View Entire Collection
By Clinical Topic
By State Requirement
Faith Community Nursing
Future of Nursing Initiative
A PET (positron emission tomography) scan is a test that can help a healthcare provider diagnose cancer, heart disease, and some brain diseases. It takes digital pictures that may show abnormal cells in your body. The test is painless, usually has no side effects, and takes about 2 hours. Because of the special equipment needed, you'll get a PET scan in the hospital or an outpatient testing center.
A PET scan measures important body functions like blood flow and oxygen to give your healthcare provider information about how well your body is working. It can also find some problems earlier than computed tomography (CT) or magnetic resonance imaging (MRI) tests.
Before you arrive for your PET scan, take the following steps:
* Talk to your healthcare provider if you're breast-feeding, think you might be pregnant, or have diabetes. Let him know of any medicines you're taking, including supplements or over-the-counter medicines, and any allergies you have. Give this information to the technologist, too.
* Don't exercise for 24 hours before the test.
* Don't eat or drink anything for several hours before the test. The testing center will give you specific instructions on eating and drinking.
* You can take any medicines that you usually take, but take them only with water. If you have diabetes, talk to your healthcare provider to get special instructions.
* Wear comfortable clothes without metal snaps, zippers or buttons because metal may interfere with the PET scan. Leave your jewelry, including watches, at home.
* Bring any previous PET scans or other test films that you had done at other facilities with you.
* Let the technologist know if you feel uncomfortable in closed-in spaces.
When you arrive at the test center, you may have to change into a hospital gown and take off any clothing or jewelry that might interfere with the test. You'll have an I.V. placed in your arm and you'll be given a substance called a radiotracer through the I.V. that helps the machine take special pictures of your body. You'll feel a slight pin prick when the I.V. is placed and you may have a cool feeling moving up your arm when you're given the radiotracer. These feelings will go away in a few minutes. Tell the technologist right away if you feel anything unusual; for example, if you have any breathing problems.
You'll then wait quietly for about 45 minutes for the radiotracer to travel through your body. The technologist will dim the lights, ask anyone with you to wait in the waiting room, and encourage you to relax or take a nap.
After about 45 minutes, a technologist will take you to the PET scanner, which is a large machine with a round, donut-shaped opening in the middle. A table will move you into the opening. You'll be asked to lie on the table on your back, usually with your arms over your head, and remain still while pictures are taken.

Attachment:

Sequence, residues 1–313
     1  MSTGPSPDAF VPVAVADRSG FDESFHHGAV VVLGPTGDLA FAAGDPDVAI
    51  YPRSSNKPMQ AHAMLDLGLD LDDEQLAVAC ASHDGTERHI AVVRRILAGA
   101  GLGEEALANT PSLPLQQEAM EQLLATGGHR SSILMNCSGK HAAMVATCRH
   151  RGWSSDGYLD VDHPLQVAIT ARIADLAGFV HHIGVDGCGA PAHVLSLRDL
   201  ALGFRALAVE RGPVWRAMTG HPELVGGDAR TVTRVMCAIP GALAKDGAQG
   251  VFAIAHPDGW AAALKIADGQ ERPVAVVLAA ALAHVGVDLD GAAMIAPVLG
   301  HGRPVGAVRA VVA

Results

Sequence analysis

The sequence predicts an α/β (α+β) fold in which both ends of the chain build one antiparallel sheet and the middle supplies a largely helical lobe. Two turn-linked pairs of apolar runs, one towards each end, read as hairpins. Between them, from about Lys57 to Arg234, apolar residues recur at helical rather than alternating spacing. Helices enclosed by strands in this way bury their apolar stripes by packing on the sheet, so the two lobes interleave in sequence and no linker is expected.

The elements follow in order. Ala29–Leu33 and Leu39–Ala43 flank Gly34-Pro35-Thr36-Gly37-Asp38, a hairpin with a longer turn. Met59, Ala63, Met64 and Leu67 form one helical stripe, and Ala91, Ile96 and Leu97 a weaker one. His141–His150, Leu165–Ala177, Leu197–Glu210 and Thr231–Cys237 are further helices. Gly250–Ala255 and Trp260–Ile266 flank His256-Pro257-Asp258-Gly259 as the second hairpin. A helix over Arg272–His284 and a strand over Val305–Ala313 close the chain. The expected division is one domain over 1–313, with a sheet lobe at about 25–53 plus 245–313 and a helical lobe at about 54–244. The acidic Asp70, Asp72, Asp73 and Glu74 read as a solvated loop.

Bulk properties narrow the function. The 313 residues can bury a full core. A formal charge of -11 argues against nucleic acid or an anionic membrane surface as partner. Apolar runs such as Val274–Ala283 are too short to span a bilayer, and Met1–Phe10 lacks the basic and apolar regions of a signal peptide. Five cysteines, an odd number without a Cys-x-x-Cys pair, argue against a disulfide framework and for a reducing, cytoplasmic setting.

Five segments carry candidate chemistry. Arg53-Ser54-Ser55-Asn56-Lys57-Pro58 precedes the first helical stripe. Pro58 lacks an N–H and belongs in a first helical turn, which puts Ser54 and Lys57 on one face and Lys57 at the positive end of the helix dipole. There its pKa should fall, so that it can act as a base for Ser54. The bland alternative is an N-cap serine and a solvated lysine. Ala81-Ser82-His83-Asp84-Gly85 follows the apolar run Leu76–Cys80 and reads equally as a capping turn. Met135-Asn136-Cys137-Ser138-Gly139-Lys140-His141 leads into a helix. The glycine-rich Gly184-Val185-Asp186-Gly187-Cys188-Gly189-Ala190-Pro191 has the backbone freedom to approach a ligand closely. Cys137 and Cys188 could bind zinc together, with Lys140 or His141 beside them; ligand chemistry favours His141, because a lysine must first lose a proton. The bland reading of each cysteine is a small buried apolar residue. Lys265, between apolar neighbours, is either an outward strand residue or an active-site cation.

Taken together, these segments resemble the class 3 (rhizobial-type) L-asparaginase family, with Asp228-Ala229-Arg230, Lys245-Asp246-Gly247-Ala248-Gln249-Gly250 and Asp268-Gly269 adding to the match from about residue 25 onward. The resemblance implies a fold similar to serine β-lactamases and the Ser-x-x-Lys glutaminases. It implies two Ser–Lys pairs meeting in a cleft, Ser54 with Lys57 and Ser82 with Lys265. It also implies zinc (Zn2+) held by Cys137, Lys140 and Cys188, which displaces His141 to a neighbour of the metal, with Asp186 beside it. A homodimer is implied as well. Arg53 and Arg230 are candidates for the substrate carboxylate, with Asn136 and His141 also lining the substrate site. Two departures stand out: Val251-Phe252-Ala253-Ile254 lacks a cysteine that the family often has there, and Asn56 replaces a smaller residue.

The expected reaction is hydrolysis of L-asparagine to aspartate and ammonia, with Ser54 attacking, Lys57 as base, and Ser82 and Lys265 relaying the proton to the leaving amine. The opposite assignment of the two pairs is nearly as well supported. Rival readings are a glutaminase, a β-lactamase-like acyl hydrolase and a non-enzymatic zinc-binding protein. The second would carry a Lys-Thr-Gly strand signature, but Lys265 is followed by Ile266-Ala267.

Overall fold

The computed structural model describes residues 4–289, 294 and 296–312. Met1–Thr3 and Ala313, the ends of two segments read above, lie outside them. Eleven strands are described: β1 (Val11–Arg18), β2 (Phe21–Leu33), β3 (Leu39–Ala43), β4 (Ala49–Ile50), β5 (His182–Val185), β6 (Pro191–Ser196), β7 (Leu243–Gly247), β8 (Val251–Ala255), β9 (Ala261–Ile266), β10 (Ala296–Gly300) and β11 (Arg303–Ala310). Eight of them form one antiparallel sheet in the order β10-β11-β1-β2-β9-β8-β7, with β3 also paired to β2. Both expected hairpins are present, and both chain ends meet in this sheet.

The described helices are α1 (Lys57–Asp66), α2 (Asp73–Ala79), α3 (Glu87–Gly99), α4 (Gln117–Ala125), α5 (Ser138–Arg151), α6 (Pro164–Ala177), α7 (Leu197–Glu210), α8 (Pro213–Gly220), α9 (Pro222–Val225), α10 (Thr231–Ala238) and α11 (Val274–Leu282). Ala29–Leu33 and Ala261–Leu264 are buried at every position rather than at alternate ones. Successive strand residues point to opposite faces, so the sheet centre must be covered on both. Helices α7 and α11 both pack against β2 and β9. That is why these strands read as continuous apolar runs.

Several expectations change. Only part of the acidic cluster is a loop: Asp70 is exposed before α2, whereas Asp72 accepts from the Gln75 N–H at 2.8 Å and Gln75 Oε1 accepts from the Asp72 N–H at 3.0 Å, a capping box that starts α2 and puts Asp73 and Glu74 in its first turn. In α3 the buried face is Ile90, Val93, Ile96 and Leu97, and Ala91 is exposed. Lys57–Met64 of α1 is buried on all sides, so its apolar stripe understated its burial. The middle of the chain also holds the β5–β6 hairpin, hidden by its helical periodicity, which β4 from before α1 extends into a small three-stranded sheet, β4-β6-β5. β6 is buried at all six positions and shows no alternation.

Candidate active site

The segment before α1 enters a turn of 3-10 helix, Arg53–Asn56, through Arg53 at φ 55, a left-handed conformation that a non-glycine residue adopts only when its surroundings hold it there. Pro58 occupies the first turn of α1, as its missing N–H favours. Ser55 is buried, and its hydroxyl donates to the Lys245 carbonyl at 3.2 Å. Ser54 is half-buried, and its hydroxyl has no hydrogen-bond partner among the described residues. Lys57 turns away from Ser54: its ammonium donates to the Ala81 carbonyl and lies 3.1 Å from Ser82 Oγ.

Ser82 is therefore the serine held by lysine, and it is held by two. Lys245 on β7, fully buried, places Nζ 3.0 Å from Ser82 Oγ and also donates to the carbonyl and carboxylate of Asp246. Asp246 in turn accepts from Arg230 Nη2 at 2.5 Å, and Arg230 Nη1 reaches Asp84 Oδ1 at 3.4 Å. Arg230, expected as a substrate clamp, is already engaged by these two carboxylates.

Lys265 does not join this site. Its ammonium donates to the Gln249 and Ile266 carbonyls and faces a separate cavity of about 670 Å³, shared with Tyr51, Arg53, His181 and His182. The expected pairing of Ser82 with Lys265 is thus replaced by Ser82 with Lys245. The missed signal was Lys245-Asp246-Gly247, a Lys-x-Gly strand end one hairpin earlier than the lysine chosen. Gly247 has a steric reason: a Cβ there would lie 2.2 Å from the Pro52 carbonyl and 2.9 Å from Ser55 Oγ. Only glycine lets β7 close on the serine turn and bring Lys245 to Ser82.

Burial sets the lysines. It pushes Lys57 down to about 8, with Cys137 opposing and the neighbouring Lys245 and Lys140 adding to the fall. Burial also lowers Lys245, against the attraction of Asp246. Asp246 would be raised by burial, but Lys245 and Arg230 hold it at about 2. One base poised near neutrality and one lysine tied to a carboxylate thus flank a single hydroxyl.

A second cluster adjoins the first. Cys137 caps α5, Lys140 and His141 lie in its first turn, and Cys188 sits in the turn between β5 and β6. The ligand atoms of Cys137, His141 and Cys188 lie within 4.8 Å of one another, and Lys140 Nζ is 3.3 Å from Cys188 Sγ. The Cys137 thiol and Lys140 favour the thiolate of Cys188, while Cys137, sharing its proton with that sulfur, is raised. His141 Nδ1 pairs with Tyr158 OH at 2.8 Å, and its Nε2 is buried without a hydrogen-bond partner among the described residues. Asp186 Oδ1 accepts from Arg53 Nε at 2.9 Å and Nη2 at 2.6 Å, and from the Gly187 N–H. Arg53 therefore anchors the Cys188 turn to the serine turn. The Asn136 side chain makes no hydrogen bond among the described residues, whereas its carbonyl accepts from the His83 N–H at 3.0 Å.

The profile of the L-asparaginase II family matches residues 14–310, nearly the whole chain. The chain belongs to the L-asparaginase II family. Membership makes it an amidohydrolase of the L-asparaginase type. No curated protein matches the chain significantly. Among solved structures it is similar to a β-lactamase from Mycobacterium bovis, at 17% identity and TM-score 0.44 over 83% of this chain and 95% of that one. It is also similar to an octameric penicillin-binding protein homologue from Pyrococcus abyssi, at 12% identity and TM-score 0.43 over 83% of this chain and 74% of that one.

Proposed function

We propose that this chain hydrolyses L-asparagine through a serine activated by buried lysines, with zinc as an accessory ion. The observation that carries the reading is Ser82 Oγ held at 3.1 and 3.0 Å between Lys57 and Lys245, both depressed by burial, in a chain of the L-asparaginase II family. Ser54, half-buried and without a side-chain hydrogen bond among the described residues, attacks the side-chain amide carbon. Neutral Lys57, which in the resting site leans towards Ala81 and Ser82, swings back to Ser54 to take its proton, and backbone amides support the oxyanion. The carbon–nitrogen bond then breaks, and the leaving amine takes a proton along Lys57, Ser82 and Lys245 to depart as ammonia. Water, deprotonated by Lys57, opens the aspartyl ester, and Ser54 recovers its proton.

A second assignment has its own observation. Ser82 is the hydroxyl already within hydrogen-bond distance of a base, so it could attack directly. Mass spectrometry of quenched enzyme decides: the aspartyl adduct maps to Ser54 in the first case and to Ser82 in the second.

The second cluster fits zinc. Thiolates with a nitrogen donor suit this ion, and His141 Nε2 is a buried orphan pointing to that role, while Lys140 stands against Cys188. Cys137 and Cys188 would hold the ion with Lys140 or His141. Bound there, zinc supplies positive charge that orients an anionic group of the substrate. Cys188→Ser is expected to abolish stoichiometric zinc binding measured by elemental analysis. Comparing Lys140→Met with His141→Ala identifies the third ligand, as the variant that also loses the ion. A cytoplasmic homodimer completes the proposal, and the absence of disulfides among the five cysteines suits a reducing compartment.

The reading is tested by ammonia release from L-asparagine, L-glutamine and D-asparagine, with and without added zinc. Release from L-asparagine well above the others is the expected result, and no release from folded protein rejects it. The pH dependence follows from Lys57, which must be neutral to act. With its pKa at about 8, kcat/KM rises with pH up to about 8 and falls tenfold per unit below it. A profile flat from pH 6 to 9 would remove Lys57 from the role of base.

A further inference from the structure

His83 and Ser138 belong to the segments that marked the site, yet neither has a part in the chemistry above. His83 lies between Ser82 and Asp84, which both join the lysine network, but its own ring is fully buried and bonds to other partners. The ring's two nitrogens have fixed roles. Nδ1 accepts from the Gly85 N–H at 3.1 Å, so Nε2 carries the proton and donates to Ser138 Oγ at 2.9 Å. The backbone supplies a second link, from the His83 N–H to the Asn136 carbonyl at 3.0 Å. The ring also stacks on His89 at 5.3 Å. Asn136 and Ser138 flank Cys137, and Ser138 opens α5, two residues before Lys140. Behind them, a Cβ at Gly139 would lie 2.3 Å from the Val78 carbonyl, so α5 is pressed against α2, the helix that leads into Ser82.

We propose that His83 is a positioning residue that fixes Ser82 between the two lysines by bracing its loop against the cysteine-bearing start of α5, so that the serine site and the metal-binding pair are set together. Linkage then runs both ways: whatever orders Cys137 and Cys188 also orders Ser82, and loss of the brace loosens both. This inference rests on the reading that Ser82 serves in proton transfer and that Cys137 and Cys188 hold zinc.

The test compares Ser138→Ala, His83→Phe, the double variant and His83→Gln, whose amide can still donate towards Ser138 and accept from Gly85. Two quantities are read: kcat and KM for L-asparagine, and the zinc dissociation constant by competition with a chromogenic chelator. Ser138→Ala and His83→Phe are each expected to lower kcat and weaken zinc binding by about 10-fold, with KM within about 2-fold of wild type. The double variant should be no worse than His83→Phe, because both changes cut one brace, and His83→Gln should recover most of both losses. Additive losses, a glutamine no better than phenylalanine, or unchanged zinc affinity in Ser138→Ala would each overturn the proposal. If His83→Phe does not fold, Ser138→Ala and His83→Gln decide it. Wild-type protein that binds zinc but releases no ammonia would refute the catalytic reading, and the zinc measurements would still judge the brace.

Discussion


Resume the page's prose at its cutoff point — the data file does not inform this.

You might be asked to hold your breath during some pictures, and the table will move. You can ask the technologist to tell you when the table will move so you're not surprised. The PET scanner will make some whirring and clicking sounds, and some machines are louder than others. The technician will be in a control room right next to you. You can talk to her through an intercom during the test, and she can see you through a glass window or on a video camera. Let her know right away if you have any discomfort. Some testing centers have CD players so you can enjoy some music. The scan will take about 45 minutes.
Once the test is over, be sure to drink plenty of water throughout the day, unless your healthcare provider tells you otherwise. The technologist may give you additional instructions to follow after the test. Unless your healthcare provider tells you differently, you can drive and return to your daily activities right away.
A radiologist with special training will read the scan and send the results to your healthcare provider in 2 to 3 days. He'll go over the results and answer your questions.
For life-long learning and continuing professional development, come to Lippincott's NursingCenter.
Positioning the neurosurgical patient
OR Nurse 2015, 17March 2015
Expires: 4/30/2017 CE:2 $21.95
CE: Early Localized Prostate Cancer
AJN, American Journal of Nursing, March 2015
Expires: 3/31/2017 CE:2.5 $24.95
The OH–NO of Pediatric Foreign Body Ingestions: Lithium Batteries (Button Batteries)
Journal of Pediatric Surgical Nursing, July/September 2014
Expires: 9/30/2016 CE:2.5 $24.95
More CE Articles
Subscribe to Recommended CE
Treatment of Obesity in 2015
Journal of Cardiopulmonary Rehabilitation & Prevention, March/April 2015
Free access will expire on May 11, 2015.
Nurse Entrepreneur’s Guide to Starting a Business
Clinical Nurse Specialist: The Journal for Advanced Nursing Practice, March/April 2015
Free access will expire on April 27, 2015.
Guideline for Use of High-Level Disinfectants and Sterilants for Reprocessing Flexible Gastrointestinal Endoscopes
Gastroenterology Nursing, January/February 2015
Free access will expire on April 27, 2015.
More Recommended Articles
Subscribe to Recommended Articles
Back to Top